Relatively few people have heard of Nina Olson, but she's been busy working for American taxpayers for many years, as our National Taxpayer Advocate. Part of her job is regularly issuing reports to Congress, detailing problems she has observed in our tax code and our tax-paying processes -- along with solutions she recommends. Olson recently released her 2016 report to Congress, and one of her chief issues was with the complexity of the tax code.
Olson's report featured a list of the "most serious problems," which included:
- Insufficient Taxpayer Bill of Rights education for IRS employees.
- Inaccurate fraud detection filters that cause significant headaches and refund delays.
- Concerns over the private debt collection program implementation -- "that is arguably inconsistent with the law and that unnecessarily burdens taxpayers, especially those experiencing economic hardship."
It also offered 10 key recommendations to Congress. Let's look at two of them.
"Simplify the Internal Revenue Code now"
Olson has repeatedly called for simplifying the tax code, in order to make it easier, faster, and cheaper for taxpayers to use and also easier for the IRS to administer. This was her top recommendation, as she noted that Congress has made more than 5,900 changes to the code since the Tax Reform Act of 1986. She pointed out that, "A [Taxpayer Advocate Service] analysis of recent IRS data shows that taxpayers and businesses spend about six billion hours a year complying with tax-filing requirements. To place this in context, it would require three million full-time employees to work 6 billion hours, making 'tax compliance' one of the largest industries in the United States."
Indeed, folks at The Tax Foundation have noted that as of 2015, the federal tax code and regulations totaled more than 10 million words -- that's more than nine times the length of the entire 7-book Harry Potter series.
How does she propose simplifying the tax code? Well, by reducing the number of tax credits and tax deductions significantly, for one thing. That might sound scary, because it would seem to result in our paying higher taxes. But as Olson explains, "...the additional revenue would be used to substantially reduce tax rates, leaving the average taxpayer with about the same tax bill he or she has now — but with the ability to compute it much more simply and accurately."
If Olson's suggestions were ever acted on, the result might be glorious. She paints a picture of a better tax world, like this: "The tax laws should be simple enough so that most taxpayers can prepare their own returns without professional help, simple enough so that taxpayers can compute their tax liabilities on a single form, and simple enough so that IRS telephone assistors can fully and accurately answer taxpayers' questions. The tax laws should anticipate the largest areas of noncompliance and minimize the opportunities for such noncompliance."
Here are a few specific suggestions she offers:
- Repeal the Alternative Minimum Tax for individuals.
- Consolidate the incentives to encourage savings for education (there are now at least 12 separate incentives).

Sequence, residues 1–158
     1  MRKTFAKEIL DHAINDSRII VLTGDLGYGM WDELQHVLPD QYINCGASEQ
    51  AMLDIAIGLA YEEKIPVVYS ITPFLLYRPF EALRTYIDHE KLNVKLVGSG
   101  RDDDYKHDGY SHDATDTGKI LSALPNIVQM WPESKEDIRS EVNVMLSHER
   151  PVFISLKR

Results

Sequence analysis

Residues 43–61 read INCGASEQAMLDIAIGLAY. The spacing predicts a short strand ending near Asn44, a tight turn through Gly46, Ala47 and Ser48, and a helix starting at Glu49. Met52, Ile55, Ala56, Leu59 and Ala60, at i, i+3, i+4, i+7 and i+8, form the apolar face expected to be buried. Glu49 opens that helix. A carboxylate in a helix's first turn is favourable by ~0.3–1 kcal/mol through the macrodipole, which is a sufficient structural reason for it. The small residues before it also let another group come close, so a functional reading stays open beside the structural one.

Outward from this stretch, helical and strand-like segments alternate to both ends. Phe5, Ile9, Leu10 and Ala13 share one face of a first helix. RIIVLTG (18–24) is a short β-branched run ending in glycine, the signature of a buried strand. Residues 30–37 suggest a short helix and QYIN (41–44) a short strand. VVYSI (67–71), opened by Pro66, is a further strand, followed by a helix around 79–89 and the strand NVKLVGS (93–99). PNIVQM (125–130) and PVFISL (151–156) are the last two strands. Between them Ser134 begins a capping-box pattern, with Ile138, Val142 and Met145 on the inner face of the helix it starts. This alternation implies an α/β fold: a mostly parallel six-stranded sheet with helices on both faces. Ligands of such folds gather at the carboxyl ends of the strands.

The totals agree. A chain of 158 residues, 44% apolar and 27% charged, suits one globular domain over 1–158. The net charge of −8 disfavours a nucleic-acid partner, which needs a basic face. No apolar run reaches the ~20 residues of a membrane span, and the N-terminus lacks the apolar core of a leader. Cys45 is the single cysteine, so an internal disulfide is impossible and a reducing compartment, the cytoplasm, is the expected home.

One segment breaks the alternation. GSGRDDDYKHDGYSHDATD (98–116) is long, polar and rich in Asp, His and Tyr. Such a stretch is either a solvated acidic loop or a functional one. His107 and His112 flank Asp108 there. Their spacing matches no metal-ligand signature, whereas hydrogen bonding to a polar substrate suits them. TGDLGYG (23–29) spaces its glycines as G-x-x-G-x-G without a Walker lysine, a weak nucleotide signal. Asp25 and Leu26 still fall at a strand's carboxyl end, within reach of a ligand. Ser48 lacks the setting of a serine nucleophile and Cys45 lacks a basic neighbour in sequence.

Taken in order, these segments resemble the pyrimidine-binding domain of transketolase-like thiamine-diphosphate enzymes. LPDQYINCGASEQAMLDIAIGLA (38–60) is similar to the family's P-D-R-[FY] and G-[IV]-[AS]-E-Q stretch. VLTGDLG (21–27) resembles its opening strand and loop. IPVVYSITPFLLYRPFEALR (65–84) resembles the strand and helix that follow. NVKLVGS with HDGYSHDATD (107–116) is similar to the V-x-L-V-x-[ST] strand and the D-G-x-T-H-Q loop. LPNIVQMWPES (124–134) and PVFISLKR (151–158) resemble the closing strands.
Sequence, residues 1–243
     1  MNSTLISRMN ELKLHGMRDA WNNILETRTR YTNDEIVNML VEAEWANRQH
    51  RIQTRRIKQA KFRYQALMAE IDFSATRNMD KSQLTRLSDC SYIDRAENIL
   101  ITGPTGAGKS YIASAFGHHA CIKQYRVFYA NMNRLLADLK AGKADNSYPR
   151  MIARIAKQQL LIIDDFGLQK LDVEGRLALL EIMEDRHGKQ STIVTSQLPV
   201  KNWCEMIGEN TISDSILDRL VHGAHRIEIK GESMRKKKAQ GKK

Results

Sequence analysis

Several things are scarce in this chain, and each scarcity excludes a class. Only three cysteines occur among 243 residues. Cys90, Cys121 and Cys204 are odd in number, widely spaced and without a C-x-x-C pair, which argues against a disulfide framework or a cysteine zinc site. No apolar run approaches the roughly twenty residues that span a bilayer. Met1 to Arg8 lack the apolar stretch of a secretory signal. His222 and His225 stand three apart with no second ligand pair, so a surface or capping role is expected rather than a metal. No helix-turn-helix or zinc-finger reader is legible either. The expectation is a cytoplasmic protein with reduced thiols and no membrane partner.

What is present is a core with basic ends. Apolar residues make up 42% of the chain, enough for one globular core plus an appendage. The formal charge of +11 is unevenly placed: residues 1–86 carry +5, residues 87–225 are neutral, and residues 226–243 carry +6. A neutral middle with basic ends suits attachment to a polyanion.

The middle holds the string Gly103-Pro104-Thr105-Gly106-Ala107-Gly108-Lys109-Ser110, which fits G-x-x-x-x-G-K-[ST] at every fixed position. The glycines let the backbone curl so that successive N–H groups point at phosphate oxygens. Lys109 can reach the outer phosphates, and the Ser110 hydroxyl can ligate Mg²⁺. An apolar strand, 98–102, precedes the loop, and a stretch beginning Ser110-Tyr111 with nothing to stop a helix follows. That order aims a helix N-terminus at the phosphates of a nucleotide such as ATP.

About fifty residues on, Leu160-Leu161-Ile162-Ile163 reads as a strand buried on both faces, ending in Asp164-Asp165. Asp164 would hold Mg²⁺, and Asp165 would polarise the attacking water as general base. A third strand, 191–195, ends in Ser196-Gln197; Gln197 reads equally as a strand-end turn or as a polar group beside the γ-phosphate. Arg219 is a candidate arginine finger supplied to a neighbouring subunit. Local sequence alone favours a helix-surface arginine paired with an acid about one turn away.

- Consolidate the incentives to encourage savings for retirement (there are now at least 15 separate incentives).
- Simplify the worker classification rules to reduce disputes over employee-versus-independent contractor status.
- Reduce procedural incentives to use tax sunsets (more than 70 provisions in the tax code are temporary and thus require periodic renewal).
- Reduce income phase-outs, which affect roughly half of all returns each year and add considerable complexity to tax computations.
- Streamline the penalty regime for tax violations (there are now more than 170 penalty provisions, up from 14 in 1955).
Clearly, there are many ways to simplify the code, and it's a cause that many (except the significant tax-prep industry) can support.
"Restructure the Earned Income Tax Credit and related family status provisions to improve compliance and minimize taxpayer burden"
Olson noted that there are about six different family status provisions in the tax code, such as filing status, personal and dependent exemptions, and various tax credits. This complexity can make it hard for the IRS to verify statuses. She also notes that American families are increasingly not fitting the traditional model of two married parents and biological children and that when "family" is defined narrowly, many people are unable to claim tax relief, and when it's defined broadly, it makes the IRS's job more onerous.
To combat this issue, Olson offers a bunch of recommendations, such as consolidating the various family status provisions into just two: a refundable "Family Credit," which would address those maintaining households and raising families, and the refundable Earned Income Tax Credit (EITC), which would address low-income workers, providing an incentive to work as well as a subsidy -- per individual worker. (Note that "refundable" tax credits are better than ordinary, non-refundable credits. With an ordinary credit, if your tax due is $2,000 and your credit is for $2,500, it will wipe out your tax bill. If it were refundable, it would wipe out your tax bill and pay you the difference -- the $500 -- as a refund.)
As the tax deadline approaches and you get discouraged about how complicated and time-consuming the tax-preparation process is, know that there's hope. Someone in Washington has been focused on fixing our tax code for many years and has lots of great ideas. Of course, Congress has to put them in motion. If you feel strongly about any tax changes, let your representatives in Congress know.
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